As we saw, the Spanish triathlete Diego Méntrida was celebrated on social media this week. He sacrificed third place in the 2020 Santander Triathlon to British triathlete James Teagle. James was on course to win third place in the competition in Spain when, just meters from the finish line, he missed the last turn and ran into spectator barriers. Diego overtook him but, noticing the error, he stopped to allow James to cross the finish line first. “He deserved it,” Méntrida said later.

Diego’s gesture prompted a flood of support, a match of the 3rd prize money, and he has been hailed as a true sportsman by the media. So far so good. 

However, imagine my surprise when I listened to Anne Atkins on the BBC Thought for the Day yesterday. She said: 

When Diego let his rival pass, it was apparently the ultimate act of true sportsmanship. We have never heard of anything like it before, yet it is supposed to be all that sport is about.

I don’t think Anne’s doubts apply to triathlon. Anne defines ‘true sportsmanship’ as ‘fairness, kindness and a genuine sense of priority’. I feel this is what the sport of triathlon and what triathletes are about.

Do you remember when Alistair Brownlee carried his brother Jonny Brownlee over the finish line in the final of the 2016 World Triathlon Series? Leading the race in Mexico, with a kilometre to go, an exhausted Jonny stopped and began to stumble. Alistair caught up with him, pulled his brother to the finishing line, and pushed him forward so he could take the place before him.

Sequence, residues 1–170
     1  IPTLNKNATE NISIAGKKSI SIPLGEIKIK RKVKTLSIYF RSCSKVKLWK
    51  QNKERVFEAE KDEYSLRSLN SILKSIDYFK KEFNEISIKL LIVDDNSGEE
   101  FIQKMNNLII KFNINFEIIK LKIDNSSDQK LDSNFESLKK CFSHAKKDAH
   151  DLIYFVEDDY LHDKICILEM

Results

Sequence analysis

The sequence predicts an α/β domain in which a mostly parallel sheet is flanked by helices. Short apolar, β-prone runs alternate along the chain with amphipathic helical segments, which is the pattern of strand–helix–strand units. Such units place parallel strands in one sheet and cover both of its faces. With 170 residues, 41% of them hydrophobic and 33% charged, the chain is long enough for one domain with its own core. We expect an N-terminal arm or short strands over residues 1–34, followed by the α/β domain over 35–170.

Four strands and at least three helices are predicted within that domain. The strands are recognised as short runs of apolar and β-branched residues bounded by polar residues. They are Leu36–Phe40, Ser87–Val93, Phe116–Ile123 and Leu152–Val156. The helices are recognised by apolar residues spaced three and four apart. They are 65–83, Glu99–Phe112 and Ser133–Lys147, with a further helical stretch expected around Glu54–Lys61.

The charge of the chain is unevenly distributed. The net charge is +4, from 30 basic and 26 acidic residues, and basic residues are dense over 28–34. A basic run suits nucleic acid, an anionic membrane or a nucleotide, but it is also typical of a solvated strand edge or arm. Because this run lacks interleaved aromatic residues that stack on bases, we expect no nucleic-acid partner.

Another famous example happened at the Kona 2008 Ironman race. 80km into the bike leg of the race, Chrissie Wellington had a puncture. She managed to change her inner tube quickly, but then made a mistake trying to inflate it. She did not press either of her two CO2 cartridges down hard enough so the air did not go into the tyre. Triathlon rules do not allow for external help, but one of her rivals, Australian IM Champion Rebekah Keat stopped and gave Chrissie her own CO2 cartridge. Because help from inside the race is legal, Chrissie was able to get back on her bike, and went on to take first place in a spectacular race!

It is not just professional triathletes who show sportsmanship. Acts of kindness can be seen and felt in many races. My good friend ‘Irongran’ Eddie Brocklesby frequently reports of big crowds cheering her into the finish at full ironman distance races. Often fellow competitors and spectators have waited several hours just to cheer a 77 year old woman over the line. 

sportsmanshipAnd it is not only at the big triathlon races where true sportsmanship is present. You feel it at most races, big or small, across the country. Last year I suffered from sudden cramps in a long distance swim down the river Adur. The river was extremely wide at this point. With no safety kayak in sight I was on the brink of panic when three fellow competitors slowed and stopped to offer me help. One of them stayed with me until my cramp had passed and I assured him I was fine.

Conclusion

Anne Atkins’ three minute ‘thought for the day’ is well worth listening to*. But I believe fairness and kindness makes triathlon special. It is why I am proud to be a triathlete.

I want to leave with another quote from Anne Atkins:

Generosity is not just reciprocal but infectious. One good deed often leading on to many more.

I would like to encourage you to share your own stories. Show others the true sportsmanship side of triathlon. And who knows maybe we can spore on many more acts of generosity and kindness.

What do you think?

Happy racing!

Trigirl Pat

*catch it on BBC Radio 4 – Thought for the Day 22nd September 2020, available for 30 days.

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